Shifts in Public reason: Dangers and Data Associations

Short bio: 

Naveen Thayyil is a member of the Humanities and Social Sciences Department at the Indian Institute of Technology where he is an Assistant Professor in Law and Public Policy with a special emphasis on Science, Technology and Society (STS) issues. Prior to this, he was teaching at the National Law School of India, Bangalore. He holds a Ph. D from the Tilburg Institute of Law Technology and Society at the University of Tilburg, the Netherlands. He was a Felix scholar between 2006-2007, when he pursued his Masters (LLM) from the University of London – jointly at SOAS, University College and Kings College London. Subsequent to his graduation from the National Law School of India, Bangalore in 2002 he practised public law in the Supreme Court and the High Court at Delhi. Naveen’s research interests lie at the intersection of three fields: legal and political theory, environmental law and technology regulation. His interests lie not only at the level of public policy viz., issues of regulation of technology for the protection of public health, environment and related rights that seek to democratise society, but also in theorising and understanding how categories of law, technology and society shape each other. His publications include the 2014 book Law Technology and Public Contestations in Europe: Biotechnology regulation and GMOs (Edward Elgar, Cheltenham, U.K.).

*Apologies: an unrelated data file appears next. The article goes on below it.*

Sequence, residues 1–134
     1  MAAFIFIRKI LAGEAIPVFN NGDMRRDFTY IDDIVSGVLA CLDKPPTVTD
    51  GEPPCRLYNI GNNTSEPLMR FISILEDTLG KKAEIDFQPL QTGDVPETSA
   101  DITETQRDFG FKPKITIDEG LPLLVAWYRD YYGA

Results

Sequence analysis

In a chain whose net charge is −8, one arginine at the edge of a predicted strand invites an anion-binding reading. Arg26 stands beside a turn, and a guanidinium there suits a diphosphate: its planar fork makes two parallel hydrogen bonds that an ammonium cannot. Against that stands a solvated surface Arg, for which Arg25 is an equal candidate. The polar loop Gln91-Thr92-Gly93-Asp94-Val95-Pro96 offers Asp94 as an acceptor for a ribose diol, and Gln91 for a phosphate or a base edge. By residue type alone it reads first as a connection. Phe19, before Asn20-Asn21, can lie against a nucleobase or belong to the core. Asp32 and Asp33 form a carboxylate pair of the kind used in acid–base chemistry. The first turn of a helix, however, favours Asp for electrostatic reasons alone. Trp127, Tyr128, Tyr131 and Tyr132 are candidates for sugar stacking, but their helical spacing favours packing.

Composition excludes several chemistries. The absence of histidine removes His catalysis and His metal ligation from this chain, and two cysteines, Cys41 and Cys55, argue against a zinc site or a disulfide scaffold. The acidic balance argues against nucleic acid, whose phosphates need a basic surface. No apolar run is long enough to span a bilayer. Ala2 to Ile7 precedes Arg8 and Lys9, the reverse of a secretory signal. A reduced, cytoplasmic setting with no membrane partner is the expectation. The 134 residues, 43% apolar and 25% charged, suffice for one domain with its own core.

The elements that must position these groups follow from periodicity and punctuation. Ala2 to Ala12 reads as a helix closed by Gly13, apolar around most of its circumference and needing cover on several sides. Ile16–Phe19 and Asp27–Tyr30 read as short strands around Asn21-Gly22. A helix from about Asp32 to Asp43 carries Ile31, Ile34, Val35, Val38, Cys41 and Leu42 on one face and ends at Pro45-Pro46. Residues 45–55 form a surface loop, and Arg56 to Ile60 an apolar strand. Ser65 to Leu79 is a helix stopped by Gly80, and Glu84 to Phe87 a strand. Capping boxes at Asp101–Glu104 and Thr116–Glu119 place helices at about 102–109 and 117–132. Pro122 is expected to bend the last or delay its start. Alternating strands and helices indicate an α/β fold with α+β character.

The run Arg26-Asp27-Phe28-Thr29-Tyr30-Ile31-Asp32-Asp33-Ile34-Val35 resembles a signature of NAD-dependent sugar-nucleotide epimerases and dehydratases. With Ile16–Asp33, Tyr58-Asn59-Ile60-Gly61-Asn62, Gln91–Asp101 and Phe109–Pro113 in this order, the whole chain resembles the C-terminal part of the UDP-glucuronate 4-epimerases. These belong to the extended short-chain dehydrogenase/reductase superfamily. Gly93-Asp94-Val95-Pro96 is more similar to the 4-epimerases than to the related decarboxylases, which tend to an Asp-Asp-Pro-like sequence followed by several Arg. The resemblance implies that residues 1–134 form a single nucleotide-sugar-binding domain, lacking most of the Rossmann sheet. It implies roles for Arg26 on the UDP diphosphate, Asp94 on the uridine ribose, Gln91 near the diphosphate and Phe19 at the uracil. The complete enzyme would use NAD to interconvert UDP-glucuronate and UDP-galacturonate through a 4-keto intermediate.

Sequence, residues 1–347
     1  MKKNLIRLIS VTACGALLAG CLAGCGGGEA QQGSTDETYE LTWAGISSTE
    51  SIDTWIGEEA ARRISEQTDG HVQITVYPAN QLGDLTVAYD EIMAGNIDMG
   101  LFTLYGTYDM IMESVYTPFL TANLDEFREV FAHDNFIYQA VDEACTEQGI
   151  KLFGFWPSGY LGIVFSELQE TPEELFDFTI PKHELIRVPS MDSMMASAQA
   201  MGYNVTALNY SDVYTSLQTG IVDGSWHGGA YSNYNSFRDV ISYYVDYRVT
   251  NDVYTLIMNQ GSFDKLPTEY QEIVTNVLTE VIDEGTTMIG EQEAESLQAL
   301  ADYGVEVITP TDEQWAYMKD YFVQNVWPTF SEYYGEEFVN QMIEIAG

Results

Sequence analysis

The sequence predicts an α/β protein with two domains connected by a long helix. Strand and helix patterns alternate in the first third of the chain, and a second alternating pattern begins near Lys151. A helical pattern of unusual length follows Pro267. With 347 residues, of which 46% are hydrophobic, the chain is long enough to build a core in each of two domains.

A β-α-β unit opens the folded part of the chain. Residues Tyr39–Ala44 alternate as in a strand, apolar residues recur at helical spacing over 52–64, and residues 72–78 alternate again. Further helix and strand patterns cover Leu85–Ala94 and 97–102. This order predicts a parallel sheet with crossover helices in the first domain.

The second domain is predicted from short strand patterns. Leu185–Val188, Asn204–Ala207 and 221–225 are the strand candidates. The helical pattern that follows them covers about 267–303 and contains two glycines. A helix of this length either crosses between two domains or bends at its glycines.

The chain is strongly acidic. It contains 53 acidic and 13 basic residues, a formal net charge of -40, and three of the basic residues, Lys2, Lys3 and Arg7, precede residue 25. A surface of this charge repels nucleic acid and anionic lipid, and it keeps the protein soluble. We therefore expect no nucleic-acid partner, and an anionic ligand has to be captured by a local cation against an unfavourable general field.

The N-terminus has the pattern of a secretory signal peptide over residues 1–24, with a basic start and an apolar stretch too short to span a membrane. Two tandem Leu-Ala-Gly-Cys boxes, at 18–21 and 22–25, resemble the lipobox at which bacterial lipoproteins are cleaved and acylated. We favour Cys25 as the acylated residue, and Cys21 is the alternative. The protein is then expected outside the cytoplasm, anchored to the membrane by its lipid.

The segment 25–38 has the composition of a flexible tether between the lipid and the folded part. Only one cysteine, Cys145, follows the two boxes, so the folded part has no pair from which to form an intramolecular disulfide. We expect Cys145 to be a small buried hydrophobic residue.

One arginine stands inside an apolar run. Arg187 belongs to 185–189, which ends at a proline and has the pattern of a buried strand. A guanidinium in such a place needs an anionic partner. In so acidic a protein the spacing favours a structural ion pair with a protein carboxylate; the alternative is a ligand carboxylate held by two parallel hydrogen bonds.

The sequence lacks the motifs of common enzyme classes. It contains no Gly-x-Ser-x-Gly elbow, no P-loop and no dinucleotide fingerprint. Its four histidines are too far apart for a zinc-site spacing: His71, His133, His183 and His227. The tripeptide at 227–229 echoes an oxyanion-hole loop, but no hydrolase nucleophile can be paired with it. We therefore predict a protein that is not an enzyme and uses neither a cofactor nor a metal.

The increasing aggregation of data and its analysis in risk regulation, across disciplines and continents, poses a peculiar problem to the liberal claim to sovereignty, particularly when transparency, openness, accountability and public participation are implicitly offered as palliatives to augment inadequacies in laws’ representational claims. Protection of society from dangers - be it moral, affective or real - has been often identified as a fundamental justification for liberal legal authority (Foucault 1975; Devlin 1965). Through the realm of environmental law, for instance, the expectation from the modern state to protect human health, the environment and vulnerable groups can be identified as a primary justification in liberal accounts of legal authority and citizenship (Lupton 1999; Kemshall 2002). The distinctive shifts in the performative modes of such accounts of sovereignty, for instance from its earlier emphasis in the principle of protection towards a stated preference in precautionary approaches in certain jurisdictions of environmental law, endures a particular difficulty for liberal sovereignty posed by large-scale aggregation and data association. Once (environmental) risk regulation is recognized as a very abstract probabilistic tool of governance, and not merely as something intrinsically real (O’Malley 2004; Douglas 1992), use of large-scale aggregations of data in risk regulation complicates the normative legitimations of liberal law here through its classical claim of expert construction of risk as representation. The truth claims of causality in risk regulation is achieved through a high level of aggregation of data across disciplines by a ‘simplification of multivalent complexities to simple parameters of likelihood and magnitude, and subsequent aggregation across highly diverse dimensions, contexts and etiologies’ (Stirling 2008). The representational claim of law is based on this ensuing production of an apparently transcendent quantitative idiom by techno-scientific experts, labelled as objective risk analysis. In contrast, scientists in risk assessment can be seen as entering the public arena as `experts who are part of a complex rhetoric and political system, as opposed to as experts on scientific truths, as truth speaking to power in a traditional picture´, (Funtowicz and Ravetz 1993; Hagendijk 2004; Kastenhofer 2011). Despite the avowed potential of the precautionary principle to challenge monopolistic epistemic claims in risk frames through more reflexive and wider deliberative practices, attempts at its legal implementation in various legal jurisdictions have continued to be deeply steeped in expert cultures of risk (Peele 2007; Thayyil 2014). Be it in a classical paradigm of risk, or in its precautionary avatar, a large number of events can be seen to be sorted into a distribution towards making expert probabilistic predictions, particular details of each case submerged or stripped away for a complex assemblage of elements (Dean 1999). The use of large scale data within this assemblage has only accentuated multiple problems viz., the permeability between the categories of knowledge, information and data, the meaning and role of expertise; the significance of various kinds of divides; the normativity of the data set from which the risk analysis is done, including ethics and reliability of techniques of gathering (Boyd and Crawford 2012). All these issues may all be submerged in an ever-increasing abstraction through newer techniques of bioinformatics (Jones et. Al 2006), which may be in contradiction to liberal claims of transparency, openness, accountability and public participation. These emerging situations within environmental regulation require description and further interrogation, and what additional modes of public reason may law need requires further speculation.


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